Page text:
Let me start by saying – I do not believe in actual vampires, as in ‘your-neighbor-is-a-vampire’ or ‘go-out-and-date’ a vampire. I love to read about them and write about them because they are interesting, and as Ms. Laurence agrees, mysterious, talented and sexy. But to me, they are fictional and only become real in my head/imagination/dreams. So this book wouldn’t necessarily be something I would run out and purchase. I reviewed it because I reviewed a similar book written from a male perspective, and I thought it’d be an interesting comparison (the other book was a gift).
You may recall my review of The Vampire Seduction Handbook (if not, click on the link). Well this book, How to Catch and Keep a Vampire: a Step by Step Guide to Loving the Bad and the Beautiful, may very well be the yin to that book’s yang.
A couple things to note: 1) It is written by a female unlike the very male perspective in The Vampire Seduction Handbook. 2) It covers a lot of the same stuff – dating, biting, blood-drinking, romance, sex, conversion, etc. 3) It covers new stuff like good versus bad versus evil vampires. 4) The format is similar – a how-to guide with little stories and anecdotes dispersed throughout. 5) How to Catch and Keep a Vampire definitely takes itself more seriously than The Vampire Seduction Handbook.
So on to my review. I read this book in about an hour and a half, and as always, first the good things. I really enjoyed the “Case Study” stories. I did get quite engrossed in them and wanted more. But I expect that this has to do with me personally, as I indicated above, I’m more of a fictional believer in vampires. Like the VSH, I did find myself skipping over the parts that weren’t as interesting to get to the parts that were. The book was easy to read and the pace flowed fairly well. There were many areas that were clever and witty, where I had an internal laugh at certain similarities with things I’ve thought myself. I liked the fact that the author kept me hooked with the story of the evil vampire, Dr. Steven Grey at key points throughout the book – I wanted to find out what happened (which you do, on the next to the last page).
I didn’t get the feeling that this book was written from a tongue-in-cheek perspective. So my brain couldn’t really enjoy it very much because I was unable to connect with the apparent “seriousness” of its how-to information. While the VSH was funny – excerpt from my review: “The Vampire Seduction Handbook is a fun, interesting read that doesn’t take itself too seriously (and neither should any readers looking for non-fiction – it clearly says “humor” on the back jacket, so step back, breathe, and run a sanity check before you run out and do something clearly irrational like trying to entrap a vampire lover),” How to Catch and Keep a Vampire felt more like an actual guide.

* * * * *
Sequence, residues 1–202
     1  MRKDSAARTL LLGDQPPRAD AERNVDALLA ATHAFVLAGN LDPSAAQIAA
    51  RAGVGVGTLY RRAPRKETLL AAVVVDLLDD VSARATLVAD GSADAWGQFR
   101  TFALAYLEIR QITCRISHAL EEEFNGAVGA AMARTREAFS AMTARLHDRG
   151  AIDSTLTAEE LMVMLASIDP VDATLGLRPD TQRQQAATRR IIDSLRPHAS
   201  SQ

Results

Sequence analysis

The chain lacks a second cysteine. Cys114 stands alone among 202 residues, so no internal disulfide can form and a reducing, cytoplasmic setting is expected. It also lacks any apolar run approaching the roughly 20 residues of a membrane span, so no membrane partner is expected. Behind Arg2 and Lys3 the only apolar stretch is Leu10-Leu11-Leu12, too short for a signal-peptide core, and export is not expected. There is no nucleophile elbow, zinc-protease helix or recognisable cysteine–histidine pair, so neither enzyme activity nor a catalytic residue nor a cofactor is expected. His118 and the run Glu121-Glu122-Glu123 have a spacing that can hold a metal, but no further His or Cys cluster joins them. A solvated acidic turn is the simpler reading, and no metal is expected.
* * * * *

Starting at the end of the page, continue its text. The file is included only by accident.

Ok, so now I feel like I need to explain myself – I love the idea of vampires, their sexy mystery, the danger, etc., etc. If I had to explain it more succinctly, it would be like vampire “beer-goggles” – you know where it’s all in the moment and you’re lost and it’s hot, terrifying, amazing? Well, when I read a how-to guide that tricks my brain into thinking “practical application” of something that clearly isn’t real, well then the beer goggles come off, and it’s become a “coyote-ugly” morning. Ok, maybe not too succinct, but suffice it to say that it’s likely I just want to stay in my fantasy-world – the fictional and glorious world of books and movies where anything is possible – for the very reason that it’s called Urban Fantasy, because it’s not real. Strip something of its mystery and it tends to lose its magnetism. In my world, not everything has to be real, to be real, if that makes any sense.
So overall, it was an interesting read, more so if you’re actually after a practical “how-to” guide. If you want to fish, you buy a fishing guide. If you want to catch a vampire, you get this one. Like I said, I quite liked the little stories of the author’s “interaction” with vampires and would probably enjoy reading more on those subjects, if not to satisfy my very real desire for escapism as opposed to the realist, non-believer in me that says – if vampires were real, I’d probably be one. I would rate How to Catch and Keep a Vampire 4 out of 5 stars just for sheer fun.